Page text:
Warsaw hits out at Tusk re-election to Brussels post

Other central European countries back incumbent, leaving Poland out in the cold

Polish prime minister Beata Szydlo was alone in voting against Mr Tusk. Photograph: Stephanie Lecocq/EPA

Polish prime minister Beata Szydlo was alone in voting against Mr Tusk. Photograph: Stephanie Lecocq/EPA

 

A furious Jaroslaw Kaczynski hit out at Germany and Hungary on Friday after his ruling party in Poland failed to block Donald Tusk’s re-election as European Council president in Brussels.

The rant by Mr Kaczynski, national conservative leader of the Law and Justice (PiS) party, opened a new chapter in Warsaw’s war on Mr Tusk that has little to do with European politics and a lot to do with a long-standing personal vendetta.

Abandoned by other central European “Visegrad” countries – the Czech Republic, Slovakia and Hungary – Poland’s prime minister Beata Szydlo was alone in voting against Mr Tusk.

Bearing flowers, the PiS leader met Mrs Szydlo’s plane for Brussels and praised her for a brave fight “that will remain in our memory and history”.

“Some people would say we have failed, but no: we have shown that Poland matters,” said Mr Kaczynski.

Instead of proof of Polish isolation in Brussels, the PiS leader portrayed the vote as proof of German EU domination, and as the latest in a long line of historical betrayals of Poland.

Mr Kaczynski said he was “disappointed” by Hungarian prime minister Viktor Orban, who has defended Warsaw against criticism that its media and judicial reforms have weakened democracy and undermined the rule of law.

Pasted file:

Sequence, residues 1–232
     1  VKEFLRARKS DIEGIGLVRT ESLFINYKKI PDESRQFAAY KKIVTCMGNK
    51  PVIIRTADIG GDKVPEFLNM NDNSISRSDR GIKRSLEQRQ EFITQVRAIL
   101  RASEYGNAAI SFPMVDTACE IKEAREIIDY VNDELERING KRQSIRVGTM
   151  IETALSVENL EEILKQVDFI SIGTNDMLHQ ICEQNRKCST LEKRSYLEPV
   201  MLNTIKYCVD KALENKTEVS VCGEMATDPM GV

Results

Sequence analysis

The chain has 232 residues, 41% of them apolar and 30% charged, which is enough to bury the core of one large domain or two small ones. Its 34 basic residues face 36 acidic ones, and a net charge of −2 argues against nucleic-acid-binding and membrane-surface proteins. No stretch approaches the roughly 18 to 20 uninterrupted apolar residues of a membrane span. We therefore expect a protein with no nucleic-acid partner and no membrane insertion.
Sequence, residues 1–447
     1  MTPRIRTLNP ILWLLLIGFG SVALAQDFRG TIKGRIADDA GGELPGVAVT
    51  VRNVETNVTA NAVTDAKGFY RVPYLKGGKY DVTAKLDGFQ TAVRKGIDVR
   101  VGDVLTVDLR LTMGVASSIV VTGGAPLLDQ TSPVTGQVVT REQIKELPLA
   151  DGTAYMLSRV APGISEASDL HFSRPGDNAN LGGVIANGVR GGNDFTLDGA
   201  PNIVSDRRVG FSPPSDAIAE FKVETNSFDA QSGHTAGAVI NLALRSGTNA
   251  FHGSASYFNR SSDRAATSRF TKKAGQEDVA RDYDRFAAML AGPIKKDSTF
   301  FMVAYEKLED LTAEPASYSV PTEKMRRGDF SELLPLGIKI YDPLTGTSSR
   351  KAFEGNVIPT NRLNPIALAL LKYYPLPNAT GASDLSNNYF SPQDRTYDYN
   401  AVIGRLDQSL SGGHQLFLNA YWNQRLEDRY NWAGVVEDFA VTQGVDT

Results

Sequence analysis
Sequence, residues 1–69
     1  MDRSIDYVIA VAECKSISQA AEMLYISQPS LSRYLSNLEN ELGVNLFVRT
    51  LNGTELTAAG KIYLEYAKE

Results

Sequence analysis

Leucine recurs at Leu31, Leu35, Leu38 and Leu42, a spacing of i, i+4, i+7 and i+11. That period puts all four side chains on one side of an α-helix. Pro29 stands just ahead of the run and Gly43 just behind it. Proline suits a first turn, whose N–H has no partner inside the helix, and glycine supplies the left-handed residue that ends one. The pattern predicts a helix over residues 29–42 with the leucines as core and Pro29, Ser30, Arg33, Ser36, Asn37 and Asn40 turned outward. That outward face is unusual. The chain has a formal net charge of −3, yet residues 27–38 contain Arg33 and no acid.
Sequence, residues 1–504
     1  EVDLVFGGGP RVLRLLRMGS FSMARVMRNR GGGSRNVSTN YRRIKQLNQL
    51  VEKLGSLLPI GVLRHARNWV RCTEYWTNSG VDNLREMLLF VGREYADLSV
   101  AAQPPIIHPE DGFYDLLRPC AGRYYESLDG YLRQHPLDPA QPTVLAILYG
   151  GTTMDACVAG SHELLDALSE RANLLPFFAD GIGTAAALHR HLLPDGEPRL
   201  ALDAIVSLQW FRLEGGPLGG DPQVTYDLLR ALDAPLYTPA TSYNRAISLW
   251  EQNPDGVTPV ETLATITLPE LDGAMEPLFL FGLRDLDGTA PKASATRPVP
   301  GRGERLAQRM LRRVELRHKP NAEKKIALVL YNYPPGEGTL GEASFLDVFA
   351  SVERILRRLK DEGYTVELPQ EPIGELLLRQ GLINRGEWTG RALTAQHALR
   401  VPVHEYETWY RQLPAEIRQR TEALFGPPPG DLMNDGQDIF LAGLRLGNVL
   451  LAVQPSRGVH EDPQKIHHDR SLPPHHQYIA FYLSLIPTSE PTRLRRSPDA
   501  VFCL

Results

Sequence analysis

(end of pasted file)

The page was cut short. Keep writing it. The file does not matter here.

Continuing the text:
But Mr Orban abandoned Poland to back Mr Tusk, former leader of Poland’s Civic Platform (PO) and a sister party to Hungary’s ruling Fidesz in the European People’s Party.

From Warsaw, Mr Kaczynski dismissed claims the vote left Poland isolated in the EU and the central European region and interpreted the vote as further proof of German EU domination, and the latest in a long line of historical betrayals of Poland.

“The European Union is an organisation dominated by one country. We cannot hide that this country is Germany,” said Mr Kaczynski, who regularly rails against Berlin’s domination of Europe.

The PiS leader appeared particularly stung by the lack of backing from Budapest. Since taking office in November 2015, Hungarian prime minister Viktor Orban has defended Warsaw against claims that its media and judicial reforms have weakened Polish democracy and undermined the rule of law.

But on Thursday, Mr Orban abandoned Poland to back Mr Tusk, former leader of Poland’s Civic Platform (PO) and a sister party to Hungary’s ruling Fidesz in the European People’s Party.

Mr Kaczynski said he was “disappointed” by Mr Orban’s attitude.

Personal animosity

For the last seven years Mr Kaczynski has claimed that Mr Tusk, as prime minister for the rival PO, carries moral responsibility for the death of his twin brother in an air crash which two investigations have blamed on poor weather and pilot error.

Kaczynski supporters have taken up his personal vendetta, portraying Mr Tusk as a national traitor, threatening to strip him of his citizenship and put him in prison.

While Mr Tusk’s allies in PO cheered his re-election, analysts said the vote has made for uncertain times ahead.

Thursday’s vote has also brought to the fore long-standing divisions in the central European Visegrad group, with other former communist capitals saying they view Mr Tusk as a useful ally who understands their concerns.

Repatriation of powers

But the next battleground is likely to be the European Commission’s investigation into the rule of law in Poland, which the Brussels executive and human rights groups fear is under threat by a politicised public prosecutor and public media, as well as disputed judicial appointments. Mr Kaczynski has dismissed the investigation as a “joke”, and was relying on Hungary to veto any EU sanctions, support that is no longer certain after Thursday night.

“This sets a new precedent for the whole EU,” said Mr Piotr Buras, head of the Warsaw office of the European Council on Foreign Relations.”But mostly it is a bad day and diplomatic disaster for Poland.”

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